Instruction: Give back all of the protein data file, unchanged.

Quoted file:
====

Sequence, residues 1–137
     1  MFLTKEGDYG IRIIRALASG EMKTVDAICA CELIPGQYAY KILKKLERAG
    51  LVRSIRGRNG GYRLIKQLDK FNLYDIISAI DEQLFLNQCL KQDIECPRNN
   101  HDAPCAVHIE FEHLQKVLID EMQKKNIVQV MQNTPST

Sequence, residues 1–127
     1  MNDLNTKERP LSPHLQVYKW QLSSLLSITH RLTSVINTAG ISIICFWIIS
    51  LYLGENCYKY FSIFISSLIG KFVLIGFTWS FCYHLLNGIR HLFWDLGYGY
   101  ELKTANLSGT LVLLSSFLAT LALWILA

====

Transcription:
Sequence, residues 1–137
     1  MFLTKEGDYG IRIIRALASG EMKTVDAICA CELIPGQYAY KILKKLERAG
    51  LVRSIRGRNG GYRLIKQLDK FNLYDIISAI DEQLFLNQCL KQDIECPRNN
   101  HDAPCAVHIE FEHLQKVLID EMQKKNIVQV MQNTPST

Sequence, residues 1–127
     1  MNDLNTKERP LSPHLQVYKW QLSSLLSITH RLTSVINTAG ISIICFWIIS
    51  LYLGENCYKY FSIFISSLIG KFVLIGFTWS FCYHLLNGIR HLFWDLGYGY
   101  ELKTANLSGT LVLLSSFLAT LALWILA